“My friend is South African too.”
I didn’t quite know what to do with that statement.
“OK,” I said.
“Which part of the country are you from? He’s from just outside Pretoria.”
Now I get it. “Ooookay, what makes you think I’m from there too?”
“What do you mean? It’s obvious, isn’t it? I mean, I’m rubbish with languages and not very good at placing accents, but yours even I recognise.”
He’s rambling now.
I’m feeling generous so decide to put him out of his misery. “I’m not South African, I’m German.” His mouth is starting to open, his eyes are getting wider. “No way, you don’t sound German!”
I get that a lot. Assumptions about my origin. South African, mainly. And assume he did, this locksmith I had to call in because my key got stuck and after much wriggling simply snapped off.
Accents are fascinating. There are two types:
- Foreign accents, i.e. the ones non-native speakers of English have because they find it hard to pronounce some words and substitute the sounds with their own
- English accents, i.e. the ones native speakers have which vary depending on where they’re from
Let’s take native English accents, for example. From the moment someone starts talking, their accent has a bearing on the way we perceive them. It plays a part in whether we find them likeable or not so much. It has stereotypes attached to it. It gives away their level of education – sometimes wrongly. And it helps to place that person in a particular part of the English-speaking world.
When it comes to non-native accents, we aren’t as prejudiced. Neither are foreigners against English accents. We always feel stronger about accents in our own language, from our own country. If someone has the “wrong” accent, we instantly put a label on them. And we write all over it with permanent marker.
Placing accents can be a minefield. Some are so strong it’s immediately obvious where the person is from. Others are so weak you can listen to the person as long as you want and you’re just not sure if it’s foreign or a very local English one. Most of them, however, are somewhere in between. Guess them at your own peril.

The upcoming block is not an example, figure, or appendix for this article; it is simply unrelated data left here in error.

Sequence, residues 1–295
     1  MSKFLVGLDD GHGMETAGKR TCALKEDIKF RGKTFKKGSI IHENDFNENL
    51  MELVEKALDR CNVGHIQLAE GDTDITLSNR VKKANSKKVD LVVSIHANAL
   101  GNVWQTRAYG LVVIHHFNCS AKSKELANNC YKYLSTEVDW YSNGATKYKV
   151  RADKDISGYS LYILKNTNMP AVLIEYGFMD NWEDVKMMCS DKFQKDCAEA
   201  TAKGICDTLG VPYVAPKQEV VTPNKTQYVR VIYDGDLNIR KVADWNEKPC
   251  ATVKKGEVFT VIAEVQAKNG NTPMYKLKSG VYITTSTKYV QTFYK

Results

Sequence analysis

So why do some foreigners have stronger accents than others? In a lot of cases it’s because they find it hard to emulate sounds that don’t exist in their own language. Practice certainly helps to iron out any linguistic bumps. So does an affinity for languages.
But if you have a strong accent, English or foreign, should you try to get rid of it? I don’t think you should. Isn’t it part of who you are? Definitely. And wouldn’t it be boring if everyone sounded the same? It would be extremely bland.
Instead, we should all like and accept our accents for what they are, like this lady from BT I had the pleasure speaking to on the phone years ago. Blessed with a strong Scottish accent, she tried to tell me my new landline number. After asking her to repeat the number for what felt like the thousandth time, I finally gave up and – in true, awkward, not-wanting-to-offend British fashion – thanked her for her time and hung up, hoping that the phone number would somehow, miraculously be right. And it was! Don’t ask me how that happened.
So if there’s an accent you find hard to understand, smile and nod. Just smile and nod.
What is your experience with English/foreign accents? And as a foreigner, do you struggle with making those English words trip off your tongue smoothly? Have you been trying to get rid of your accent or embraced it? I’d love to hear your comments and stories.